In conclusion, Alaska Native villages are being increasingly affected by flooding and erosion problems being worsened at least to some degree by climatological changes. They must nonetheless find ways to respond to these problems. Many Alaska Native villages that are small, remote, and have a subsistence lifestyle, lack the resources to address the problems on their own. Yet villages have difficulty finding assistance under several federal programs, because as currently defined the economic costs of the proposed project to control flooding and erosion exceed the expected economic benefits. As a result, many private homes and other infrastructure continue to be threatened. Given the unique circumstances of Alaska Native villages, special measures may be required to ensure that these communities receive the assistance they need to respond to problems that could continue to increase.

However, adopting some of these alternatives will require consideration of a number of important factors, including the potential to set a precedent for other communities and programs as well as resulting budgetary implications. While we did not determine the cost or the national policy implications associated with any of the alternatives, these are important considerations when determining appropriate federal action.

Alaska Native villages have difficulty qualifying for assistance under the key federal flooding and erosion programs, largely because of program requirements that the project costs not exceed economic benefits, or because of cost-sharing requirements.

…according to the Corps’ guidelines for evaluating water resource projects, the Corps generally cannot undertake a project when the economic costs exceed the expected benefits.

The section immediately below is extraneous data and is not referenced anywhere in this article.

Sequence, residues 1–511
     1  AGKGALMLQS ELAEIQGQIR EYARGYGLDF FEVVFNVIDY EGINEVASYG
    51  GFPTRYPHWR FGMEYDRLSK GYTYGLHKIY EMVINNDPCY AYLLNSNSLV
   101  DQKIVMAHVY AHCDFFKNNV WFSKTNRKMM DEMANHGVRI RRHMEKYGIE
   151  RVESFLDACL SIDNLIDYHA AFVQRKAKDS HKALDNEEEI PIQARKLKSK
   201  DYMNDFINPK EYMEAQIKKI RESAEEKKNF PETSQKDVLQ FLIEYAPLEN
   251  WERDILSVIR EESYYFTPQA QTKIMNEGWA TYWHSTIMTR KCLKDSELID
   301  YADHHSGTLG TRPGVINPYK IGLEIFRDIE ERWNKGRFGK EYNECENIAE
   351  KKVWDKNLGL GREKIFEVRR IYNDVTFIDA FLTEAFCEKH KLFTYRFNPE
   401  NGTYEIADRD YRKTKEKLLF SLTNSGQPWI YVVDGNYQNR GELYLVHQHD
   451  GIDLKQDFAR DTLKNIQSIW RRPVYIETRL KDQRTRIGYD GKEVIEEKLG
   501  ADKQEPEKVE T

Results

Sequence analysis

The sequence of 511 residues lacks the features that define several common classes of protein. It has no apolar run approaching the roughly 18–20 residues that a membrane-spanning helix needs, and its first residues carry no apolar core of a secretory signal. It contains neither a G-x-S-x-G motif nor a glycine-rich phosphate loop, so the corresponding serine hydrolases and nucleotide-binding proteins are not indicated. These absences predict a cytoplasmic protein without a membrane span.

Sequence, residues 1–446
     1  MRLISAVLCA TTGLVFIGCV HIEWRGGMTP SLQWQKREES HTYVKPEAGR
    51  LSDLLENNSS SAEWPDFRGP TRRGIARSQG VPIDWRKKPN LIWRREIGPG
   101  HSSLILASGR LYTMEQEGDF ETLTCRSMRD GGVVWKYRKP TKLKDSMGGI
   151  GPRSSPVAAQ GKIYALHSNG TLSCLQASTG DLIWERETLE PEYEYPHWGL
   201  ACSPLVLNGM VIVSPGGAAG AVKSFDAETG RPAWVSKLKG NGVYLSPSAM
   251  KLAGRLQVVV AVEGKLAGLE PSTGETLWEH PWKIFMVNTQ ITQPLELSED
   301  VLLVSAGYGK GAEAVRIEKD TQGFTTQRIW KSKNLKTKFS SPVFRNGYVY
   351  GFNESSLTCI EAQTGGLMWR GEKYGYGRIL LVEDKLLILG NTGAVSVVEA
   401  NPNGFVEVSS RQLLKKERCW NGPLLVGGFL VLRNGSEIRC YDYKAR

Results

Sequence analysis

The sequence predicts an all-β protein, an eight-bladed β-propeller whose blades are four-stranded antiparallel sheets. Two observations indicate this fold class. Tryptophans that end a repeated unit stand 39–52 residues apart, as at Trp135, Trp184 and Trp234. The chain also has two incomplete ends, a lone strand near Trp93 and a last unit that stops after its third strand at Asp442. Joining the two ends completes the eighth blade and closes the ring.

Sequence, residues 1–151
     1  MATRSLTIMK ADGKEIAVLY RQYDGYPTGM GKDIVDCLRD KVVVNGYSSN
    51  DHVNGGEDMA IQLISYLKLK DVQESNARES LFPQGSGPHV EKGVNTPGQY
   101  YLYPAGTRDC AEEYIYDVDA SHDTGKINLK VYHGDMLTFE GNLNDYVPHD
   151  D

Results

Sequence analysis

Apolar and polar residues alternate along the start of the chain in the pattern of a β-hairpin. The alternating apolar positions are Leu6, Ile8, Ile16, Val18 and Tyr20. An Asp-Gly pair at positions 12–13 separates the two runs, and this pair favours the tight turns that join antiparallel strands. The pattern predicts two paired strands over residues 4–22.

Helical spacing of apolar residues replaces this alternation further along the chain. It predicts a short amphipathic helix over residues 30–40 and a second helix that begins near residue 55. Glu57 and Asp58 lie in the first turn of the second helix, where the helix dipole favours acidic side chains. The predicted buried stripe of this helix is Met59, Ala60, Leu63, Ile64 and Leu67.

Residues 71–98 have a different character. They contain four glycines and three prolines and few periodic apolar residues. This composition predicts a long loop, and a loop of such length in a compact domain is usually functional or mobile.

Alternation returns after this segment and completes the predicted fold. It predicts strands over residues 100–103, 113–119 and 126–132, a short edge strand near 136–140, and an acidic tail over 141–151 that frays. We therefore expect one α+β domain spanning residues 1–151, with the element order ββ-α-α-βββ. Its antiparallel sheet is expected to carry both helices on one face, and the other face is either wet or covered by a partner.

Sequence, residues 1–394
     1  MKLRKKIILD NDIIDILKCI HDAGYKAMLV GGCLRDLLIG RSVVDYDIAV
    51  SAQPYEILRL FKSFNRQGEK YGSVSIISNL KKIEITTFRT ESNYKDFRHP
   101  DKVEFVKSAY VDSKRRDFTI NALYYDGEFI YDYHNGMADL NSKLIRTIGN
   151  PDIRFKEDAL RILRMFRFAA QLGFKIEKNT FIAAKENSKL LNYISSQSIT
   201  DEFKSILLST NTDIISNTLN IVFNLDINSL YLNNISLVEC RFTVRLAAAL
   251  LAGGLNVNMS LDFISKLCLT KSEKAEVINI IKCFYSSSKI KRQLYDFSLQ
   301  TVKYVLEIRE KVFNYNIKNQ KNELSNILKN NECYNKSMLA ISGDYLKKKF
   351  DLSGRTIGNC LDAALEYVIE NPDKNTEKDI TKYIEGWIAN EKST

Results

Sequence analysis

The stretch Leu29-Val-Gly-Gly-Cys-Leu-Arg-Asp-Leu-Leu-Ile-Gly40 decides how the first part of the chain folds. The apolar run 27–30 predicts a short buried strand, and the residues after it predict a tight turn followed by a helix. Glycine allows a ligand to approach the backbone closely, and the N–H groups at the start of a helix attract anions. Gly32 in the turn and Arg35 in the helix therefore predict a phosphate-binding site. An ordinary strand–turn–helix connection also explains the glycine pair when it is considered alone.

According to state of Alaska officials, historically the state has provided the nonfederal matching funds for most Corps of Engineers (and other federal) projects, but with the extreme budget deficits currently faced by the state of Alaska, matching funds have been severely limited.

While each of these entities recognized the need for improved coordination of federal efforts to address flooding and erosion in Alaska Native villages, none of them provided any specific suggestions on how this should be accomplished or by whom.

(2) direct the federal agencies to consider social and environmental factors in their cost benefit analyses for these projects, and (3) waive the federal cost-sharing requirement for flooding and erosion programs for Alaska Native villages.

While most Alaska Native villages are affected to some extent by flooding and erosion, quantifiable data are not available to fully assess the severity of the problem. Federal and Alaska state agency officials that we contacted could agree on which three or four villages experience the most flooding and erosion, but they could not rank flooding and erosion in the remaining villages by high, medium, or low severity. These agency officials said that determining the extent to which villages have been affected by flooding and erosion is difficult because Alaska has significant data gaps. These gaps occur because remote locations lack monitoring equipment. The officials noted that about 400 to 500 gauging stations would have to be added in Alaska to attain the same level of gauging as in the Pacific Northwest.